A view from the top
A view from Nick Emery

A view from the top

The week started in Beaulieu and ended in Bangkok. There was significant abuse in-between, mainly from Kelly Clark about the picture in the WPP annual report, which he claimed looked like an extra from Siegfried & Roy. This is an improvement on the usual David Van Day, I think.

I’m grounded this week for our daughter’s operation on Wednesday – it’s travel most weeks. Most recently, I have spent a lot of time in New York as we build our team to really deliver real-time adaptive marketing. On that subject, by the end of the week, we have agreed that Jordan Bitterman will join us as the chief strategy officer in North America. Jordan is a rare and exceptional talent, and it’s going to be a real pleasure to work with him. The next few weeks are all about Asia, with Cannes and Chicago sandwiched in between.

When I am at home, we try to ring-fence bathtime with the kids; I also know where all the toy shops are in every major capital. Other than that, the day is usually waking up to e-mails from Martin [Sorrell, the WPP chief executive] and Asia on the 6am dog walk (most Mindshare people know when to avoid Highbury now so they don’t bump into me and the dog). Then, at the end of the day, I usually go to bed with Martin and, at the moment, American Dream Machine. A good book keeps me sane in hotel rooms – that and FaceTime.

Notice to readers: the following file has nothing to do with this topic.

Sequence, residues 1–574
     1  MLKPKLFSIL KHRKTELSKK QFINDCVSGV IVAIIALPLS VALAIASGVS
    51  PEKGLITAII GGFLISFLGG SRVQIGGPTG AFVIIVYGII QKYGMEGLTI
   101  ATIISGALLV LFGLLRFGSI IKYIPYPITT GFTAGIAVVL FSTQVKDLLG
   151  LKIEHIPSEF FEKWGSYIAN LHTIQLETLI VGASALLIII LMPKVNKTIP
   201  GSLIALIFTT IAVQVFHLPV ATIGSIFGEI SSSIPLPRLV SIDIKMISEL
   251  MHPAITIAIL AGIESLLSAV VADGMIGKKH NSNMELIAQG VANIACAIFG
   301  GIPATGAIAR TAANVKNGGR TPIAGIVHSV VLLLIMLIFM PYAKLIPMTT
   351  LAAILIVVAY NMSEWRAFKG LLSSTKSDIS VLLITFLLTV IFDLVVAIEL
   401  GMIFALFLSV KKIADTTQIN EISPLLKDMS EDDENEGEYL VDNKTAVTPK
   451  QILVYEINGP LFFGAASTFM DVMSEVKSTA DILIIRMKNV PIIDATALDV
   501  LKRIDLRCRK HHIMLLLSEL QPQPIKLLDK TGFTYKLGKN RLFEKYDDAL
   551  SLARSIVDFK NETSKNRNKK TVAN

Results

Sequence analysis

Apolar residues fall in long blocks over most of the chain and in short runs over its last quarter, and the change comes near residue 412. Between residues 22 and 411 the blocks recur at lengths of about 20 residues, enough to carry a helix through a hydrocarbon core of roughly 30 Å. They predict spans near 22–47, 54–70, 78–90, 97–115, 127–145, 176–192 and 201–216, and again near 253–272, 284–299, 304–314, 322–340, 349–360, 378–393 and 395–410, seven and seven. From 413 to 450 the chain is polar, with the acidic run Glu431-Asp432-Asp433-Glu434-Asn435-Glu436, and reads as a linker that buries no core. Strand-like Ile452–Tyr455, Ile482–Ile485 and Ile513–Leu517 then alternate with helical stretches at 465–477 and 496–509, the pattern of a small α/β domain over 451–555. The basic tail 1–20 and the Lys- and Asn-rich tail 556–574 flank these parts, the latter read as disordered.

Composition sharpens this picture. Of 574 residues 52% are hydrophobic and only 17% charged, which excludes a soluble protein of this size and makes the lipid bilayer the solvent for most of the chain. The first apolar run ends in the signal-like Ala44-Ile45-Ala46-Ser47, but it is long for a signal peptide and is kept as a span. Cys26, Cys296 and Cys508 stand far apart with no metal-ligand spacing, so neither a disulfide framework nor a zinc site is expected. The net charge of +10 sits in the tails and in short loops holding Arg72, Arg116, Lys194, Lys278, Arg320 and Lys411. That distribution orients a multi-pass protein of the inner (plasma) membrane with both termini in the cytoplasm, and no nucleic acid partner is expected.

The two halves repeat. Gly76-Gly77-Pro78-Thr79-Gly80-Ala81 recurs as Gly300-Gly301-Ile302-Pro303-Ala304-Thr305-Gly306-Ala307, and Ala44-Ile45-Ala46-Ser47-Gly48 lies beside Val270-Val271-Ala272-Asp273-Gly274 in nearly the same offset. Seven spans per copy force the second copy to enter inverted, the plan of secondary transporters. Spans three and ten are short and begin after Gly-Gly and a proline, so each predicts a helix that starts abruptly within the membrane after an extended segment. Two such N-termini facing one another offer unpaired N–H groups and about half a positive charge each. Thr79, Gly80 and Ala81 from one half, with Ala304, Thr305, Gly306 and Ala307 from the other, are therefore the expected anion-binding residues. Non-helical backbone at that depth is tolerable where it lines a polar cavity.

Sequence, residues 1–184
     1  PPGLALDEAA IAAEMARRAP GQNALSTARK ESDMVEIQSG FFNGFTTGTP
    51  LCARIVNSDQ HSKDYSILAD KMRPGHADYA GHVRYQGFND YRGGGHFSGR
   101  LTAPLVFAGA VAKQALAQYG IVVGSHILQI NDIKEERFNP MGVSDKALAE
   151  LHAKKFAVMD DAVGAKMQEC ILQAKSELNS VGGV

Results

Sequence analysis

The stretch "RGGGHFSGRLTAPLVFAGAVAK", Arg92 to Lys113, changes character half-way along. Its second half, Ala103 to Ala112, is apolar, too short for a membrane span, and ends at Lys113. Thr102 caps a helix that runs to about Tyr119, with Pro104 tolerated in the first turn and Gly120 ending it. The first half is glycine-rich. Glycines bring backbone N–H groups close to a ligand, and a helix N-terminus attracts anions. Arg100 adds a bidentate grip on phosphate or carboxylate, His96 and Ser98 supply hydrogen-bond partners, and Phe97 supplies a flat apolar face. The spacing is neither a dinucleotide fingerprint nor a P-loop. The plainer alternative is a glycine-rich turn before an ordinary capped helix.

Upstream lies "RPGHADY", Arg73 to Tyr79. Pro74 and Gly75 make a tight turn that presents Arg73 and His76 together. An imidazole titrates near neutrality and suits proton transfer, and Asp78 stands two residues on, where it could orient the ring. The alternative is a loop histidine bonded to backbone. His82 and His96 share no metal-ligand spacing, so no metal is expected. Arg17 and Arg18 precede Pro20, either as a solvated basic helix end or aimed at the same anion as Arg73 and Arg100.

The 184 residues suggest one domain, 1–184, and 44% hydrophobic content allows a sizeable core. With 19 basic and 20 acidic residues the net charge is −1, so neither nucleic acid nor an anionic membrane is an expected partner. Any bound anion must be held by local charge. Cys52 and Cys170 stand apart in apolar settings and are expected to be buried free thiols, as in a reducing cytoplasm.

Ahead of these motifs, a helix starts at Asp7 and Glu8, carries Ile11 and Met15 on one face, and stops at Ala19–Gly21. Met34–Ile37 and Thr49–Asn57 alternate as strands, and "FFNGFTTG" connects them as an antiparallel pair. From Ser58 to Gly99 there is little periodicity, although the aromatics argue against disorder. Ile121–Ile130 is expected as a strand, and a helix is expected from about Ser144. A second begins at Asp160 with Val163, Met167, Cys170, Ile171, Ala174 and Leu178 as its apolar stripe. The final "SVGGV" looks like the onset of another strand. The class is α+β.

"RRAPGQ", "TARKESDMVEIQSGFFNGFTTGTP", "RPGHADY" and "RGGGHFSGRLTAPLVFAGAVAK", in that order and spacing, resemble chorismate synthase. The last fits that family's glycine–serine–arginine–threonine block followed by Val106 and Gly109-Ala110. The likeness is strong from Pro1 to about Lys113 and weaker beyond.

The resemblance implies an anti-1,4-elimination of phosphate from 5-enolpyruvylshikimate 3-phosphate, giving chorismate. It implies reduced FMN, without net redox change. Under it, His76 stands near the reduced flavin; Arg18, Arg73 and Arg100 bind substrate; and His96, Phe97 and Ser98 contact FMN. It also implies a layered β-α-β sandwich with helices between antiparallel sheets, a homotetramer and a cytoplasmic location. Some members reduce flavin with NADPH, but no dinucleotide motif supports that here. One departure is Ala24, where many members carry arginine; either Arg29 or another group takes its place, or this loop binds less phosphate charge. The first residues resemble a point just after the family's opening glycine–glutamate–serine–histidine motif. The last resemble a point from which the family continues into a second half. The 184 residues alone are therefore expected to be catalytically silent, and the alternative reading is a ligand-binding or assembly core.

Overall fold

It’s unusual to be in London all week and I manage to annoy quite a few people both at home and in the office. We’re about to launch the new planning product and tool suite, so I meddle in the design at the last minute – I have to say, it looks quite good. I’m not a fan of process, but a fluid design to bring content, technology and distribution together is pretty rare, and this is a good one. It’s partly designed to finally realise media’s potential and convince clients to call us first, not some moribund old agency.

One of the highlights of the week is reviewing the week’s work from around the network and the 11 Effie wins from the previous week. This is in contrast to the various calls with procurement on a range of pitches. As an industry, we are always banging on about the promise of media – everything begins and ends in media, from Arab Springs to 20th Century Fox, and we can now map all humankind – but it seems every media pitch starts and ends the same way. It starts with the promise of a new media nirvana – every chief executive wants the always-on, mobile, social, t-commerce world – and then it gets to procurement. Six months of pitching later, the promise to change the media world has been rejected by procurement, who really just want what they had last year, but cheaper.

Until media breaks that cycle, it will never be the first call and what it should be, which is the lead marketing partner effecting real business change for clients through everything that can carry a message.

That is what I spend this week and every week doing – making sure we have the right people who can be lead partners, together with the right systems and the right technology, and making sure that all our clients know it and value it… that and quiffing what’s left of my hair to look like Siegfried & Roy and going to bed with Martin and my wife. And, yes, Mimi is up and about and being a pain in the backside.

Nick Emery is the worldwide chief executive of Mindshare